Parent to child transfers: gift or resulting trust?



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Pecore dealt with bank accounts, but the decision was not apparently limited to transfers of money or personal property. Subsequent cases have applied Pecore to voluntary transfers of land.72

In England, although the presumption of advancement still applies to adult children, it has been said to be a ‘relatively weak presumption which can be rebutted on comparatively slight evidence’73. Further, it has been suggested that the presumption is ‘even weaker where, … the child was over 18 years of age and managed her own affairs at the time of the transaction.’74

There have also been recommendations by the UK Law Commission to abolish the presumption, for reasons which differ from Australia’s usage of the presumption. In England, the application of the presumption of advancement has a substantial effect where an illegal purpose is behind the transaction. A parent cannot prove an illegal purpose to rebut the presumption of advancement.75 The parent can, however, rely on the presumption of trust, even if an illegal purpose is involved. This inconsistency has led to proposals for its abolition.76 These reasons are less relevant here, due to the more flexible approach taken to illegality in Nelson v Nelson.77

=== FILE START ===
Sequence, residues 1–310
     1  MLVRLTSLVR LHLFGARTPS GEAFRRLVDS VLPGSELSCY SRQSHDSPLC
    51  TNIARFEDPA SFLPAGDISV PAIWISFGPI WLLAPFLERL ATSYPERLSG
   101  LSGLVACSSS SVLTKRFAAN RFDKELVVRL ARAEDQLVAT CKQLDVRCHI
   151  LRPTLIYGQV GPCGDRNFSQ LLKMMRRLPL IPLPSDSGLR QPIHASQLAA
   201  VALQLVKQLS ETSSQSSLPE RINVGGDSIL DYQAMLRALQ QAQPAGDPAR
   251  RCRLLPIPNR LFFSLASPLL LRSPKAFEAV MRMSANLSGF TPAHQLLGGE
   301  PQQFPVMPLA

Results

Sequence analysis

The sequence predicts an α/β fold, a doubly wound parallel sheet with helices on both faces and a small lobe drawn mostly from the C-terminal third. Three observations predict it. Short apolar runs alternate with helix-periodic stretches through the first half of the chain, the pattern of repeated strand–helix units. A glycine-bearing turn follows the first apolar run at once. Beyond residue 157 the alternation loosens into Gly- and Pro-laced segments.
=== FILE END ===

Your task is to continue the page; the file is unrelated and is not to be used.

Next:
It would, of course, be possible to take a further step, and remove the presumption of advancement totally.78





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